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Magnet Goblin Hacker Group Leveraging 1-Day Exploits to Deploy Nerbian RAT | #hacking | #cybersecurity | #infosec | #comptia | #pentest | #hacker | #hacking | #aihp


A financially motivated threat actor called Magnet Goblin is swiftly adopting one-day security vulnerabilities into its arsenal in order to opportunistically breach edge devices and public-facing services and deploy malware on compromised hosts.

“Threat actor group Magnet Goblin’s hallmark is its ability to swiftly leverage newly disclosed vulnerabilities, particularly targeting public-facing servers and edge devices,” Check Point said.

“In some cases, the deployment of the exploits is within 1 day after a [proof-of-concept] is published, significantly increasing the threat level posed by this actor.”

Attacks mounted by the adversary have leveraged unpatched Ivanti Connect Secure VPN, Magento, Qlik Sense, and possibly Apache ActiveMQ servers as an initial infection vector to gain unauthorized access. The group is said to be active since at least January 2022.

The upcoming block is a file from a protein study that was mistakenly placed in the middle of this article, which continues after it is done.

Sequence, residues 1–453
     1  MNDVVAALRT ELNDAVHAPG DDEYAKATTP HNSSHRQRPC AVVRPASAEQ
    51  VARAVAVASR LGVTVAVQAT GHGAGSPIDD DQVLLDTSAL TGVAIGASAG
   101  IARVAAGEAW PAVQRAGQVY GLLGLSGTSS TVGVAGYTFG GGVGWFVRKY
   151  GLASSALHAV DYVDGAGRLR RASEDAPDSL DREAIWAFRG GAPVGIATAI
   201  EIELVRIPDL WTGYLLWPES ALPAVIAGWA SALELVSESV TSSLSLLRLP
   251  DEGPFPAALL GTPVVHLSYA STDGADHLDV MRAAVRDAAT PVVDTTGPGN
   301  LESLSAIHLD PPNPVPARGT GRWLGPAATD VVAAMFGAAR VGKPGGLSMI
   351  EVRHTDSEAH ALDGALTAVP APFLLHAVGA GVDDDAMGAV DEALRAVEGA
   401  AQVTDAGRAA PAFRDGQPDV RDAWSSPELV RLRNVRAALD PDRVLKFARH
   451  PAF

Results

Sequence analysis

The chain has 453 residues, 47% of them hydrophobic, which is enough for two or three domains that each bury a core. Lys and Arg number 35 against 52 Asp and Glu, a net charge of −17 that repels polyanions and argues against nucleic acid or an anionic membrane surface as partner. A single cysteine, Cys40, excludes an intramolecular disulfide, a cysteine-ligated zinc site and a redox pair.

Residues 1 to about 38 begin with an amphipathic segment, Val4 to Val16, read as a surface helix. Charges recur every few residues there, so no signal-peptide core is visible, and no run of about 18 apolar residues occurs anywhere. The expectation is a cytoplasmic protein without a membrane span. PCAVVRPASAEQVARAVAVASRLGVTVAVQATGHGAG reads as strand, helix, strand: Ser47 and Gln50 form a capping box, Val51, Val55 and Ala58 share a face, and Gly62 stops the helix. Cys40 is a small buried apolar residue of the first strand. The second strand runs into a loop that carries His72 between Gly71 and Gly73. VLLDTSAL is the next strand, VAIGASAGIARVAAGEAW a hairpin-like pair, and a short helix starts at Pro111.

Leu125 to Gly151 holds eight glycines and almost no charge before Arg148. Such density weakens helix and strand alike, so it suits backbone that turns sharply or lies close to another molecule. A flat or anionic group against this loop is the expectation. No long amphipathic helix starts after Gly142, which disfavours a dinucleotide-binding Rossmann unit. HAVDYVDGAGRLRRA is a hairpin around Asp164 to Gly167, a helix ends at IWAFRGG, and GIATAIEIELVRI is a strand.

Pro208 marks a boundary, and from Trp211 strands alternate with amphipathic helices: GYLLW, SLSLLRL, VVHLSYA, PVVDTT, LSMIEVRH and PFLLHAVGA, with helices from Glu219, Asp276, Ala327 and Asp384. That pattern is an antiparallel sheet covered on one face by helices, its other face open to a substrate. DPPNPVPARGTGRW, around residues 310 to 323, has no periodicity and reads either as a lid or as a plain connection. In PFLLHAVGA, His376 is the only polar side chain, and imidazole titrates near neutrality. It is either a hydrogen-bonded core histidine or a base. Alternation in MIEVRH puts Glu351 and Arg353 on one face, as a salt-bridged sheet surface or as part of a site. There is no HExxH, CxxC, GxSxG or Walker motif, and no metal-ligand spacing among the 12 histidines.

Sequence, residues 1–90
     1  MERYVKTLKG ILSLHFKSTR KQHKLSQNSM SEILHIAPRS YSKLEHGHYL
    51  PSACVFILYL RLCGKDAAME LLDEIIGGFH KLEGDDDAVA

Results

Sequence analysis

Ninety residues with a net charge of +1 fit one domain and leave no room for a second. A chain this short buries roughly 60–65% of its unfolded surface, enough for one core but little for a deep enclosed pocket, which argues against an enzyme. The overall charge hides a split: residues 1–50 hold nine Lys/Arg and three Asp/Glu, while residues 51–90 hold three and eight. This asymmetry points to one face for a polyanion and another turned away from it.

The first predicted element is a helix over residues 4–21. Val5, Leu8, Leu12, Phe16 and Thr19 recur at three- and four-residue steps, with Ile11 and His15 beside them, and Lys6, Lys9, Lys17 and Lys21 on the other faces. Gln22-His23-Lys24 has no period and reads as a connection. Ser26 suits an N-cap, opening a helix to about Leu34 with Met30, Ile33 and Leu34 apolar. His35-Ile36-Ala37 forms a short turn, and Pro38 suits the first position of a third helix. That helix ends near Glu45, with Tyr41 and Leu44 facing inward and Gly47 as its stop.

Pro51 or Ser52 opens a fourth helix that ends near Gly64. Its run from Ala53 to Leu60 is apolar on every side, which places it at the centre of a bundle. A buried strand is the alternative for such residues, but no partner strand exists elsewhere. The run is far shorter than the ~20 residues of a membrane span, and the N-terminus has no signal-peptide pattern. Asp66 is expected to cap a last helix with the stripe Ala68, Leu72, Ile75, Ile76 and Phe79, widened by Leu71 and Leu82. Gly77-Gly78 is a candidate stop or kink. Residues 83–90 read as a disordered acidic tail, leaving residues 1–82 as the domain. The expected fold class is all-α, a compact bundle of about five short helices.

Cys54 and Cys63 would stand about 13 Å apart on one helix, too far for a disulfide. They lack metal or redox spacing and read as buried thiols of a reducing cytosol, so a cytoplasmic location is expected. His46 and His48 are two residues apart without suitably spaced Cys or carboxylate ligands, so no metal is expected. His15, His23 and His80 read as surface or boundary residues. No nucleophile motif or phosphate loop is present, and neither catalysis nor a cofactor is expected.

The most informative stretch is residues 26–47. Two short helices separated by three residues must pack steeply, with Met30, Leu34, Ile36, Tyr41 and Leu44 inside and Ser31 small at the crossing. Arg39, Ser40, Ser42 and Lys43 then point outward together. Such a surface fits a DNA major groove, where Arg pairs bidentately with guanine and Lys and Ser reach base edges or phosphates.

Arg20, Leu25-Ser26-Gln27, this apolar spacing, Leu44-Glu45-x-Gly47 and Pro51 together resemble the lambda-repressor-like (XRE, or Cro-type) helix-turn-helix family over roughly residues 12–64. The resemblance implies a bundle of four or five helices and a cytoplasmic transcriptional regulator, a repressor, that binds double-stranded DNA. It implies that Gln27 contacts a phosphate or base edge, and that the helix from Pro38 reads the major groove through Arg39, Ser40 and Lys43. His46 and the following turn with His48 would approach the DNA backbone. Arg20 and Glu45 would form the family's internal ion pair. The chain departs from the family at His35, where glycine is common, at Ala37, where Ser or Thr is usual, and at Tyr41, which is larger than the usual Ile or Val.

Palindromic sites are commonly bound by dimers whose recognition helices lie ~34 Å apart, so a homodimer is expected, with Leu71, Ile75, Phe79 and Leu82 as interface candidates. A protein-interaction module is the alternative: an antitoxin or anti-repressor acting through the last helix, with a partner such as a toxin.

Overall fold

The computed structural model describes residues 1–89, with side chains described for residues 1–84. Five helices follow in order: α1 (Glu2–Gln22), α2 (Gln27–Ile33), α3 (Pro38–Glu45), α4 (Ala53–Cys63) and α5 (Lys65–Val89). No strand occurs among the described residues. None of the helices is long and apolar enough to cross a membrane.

A successful exploitation is followed by the deployment of a cross-platform remote access trojan (RAT) dubbed Nerbian RAT, which was first disclosed by Proofpoint in May 2022, as well as its simplified variant called MiniNerbian. The use of the Linux version of Nerbian RAT was previously highlighted by Darktrace.

1-Day Vulnerabilities

Both the strains allow for execution of arbitrary commands received from a command-and-control (C2) server and exfiltrating the results backed to it.

Some of the other tools used by Magnet Goblin include the WARPWIRE JavaScript credential stealer, the Go-based tunneling software known as Ligolo, and legitimate remote desktop offerings such as AnyDesk and ScreenConnect.

Cybersecurity

“Magnet Goblin, whose campaigns appear to be financially motivated, has been quick to adopt 1-day vulnerabilities to deliver their custom Linux malware, Nerbian RAT and MiniNerbian,” the company said.

“Those tools have operated under the radar as they mostly reside on edge-devices. This is part of an ongoing trend for threat actors to target areas which until now have been left unprotected.”

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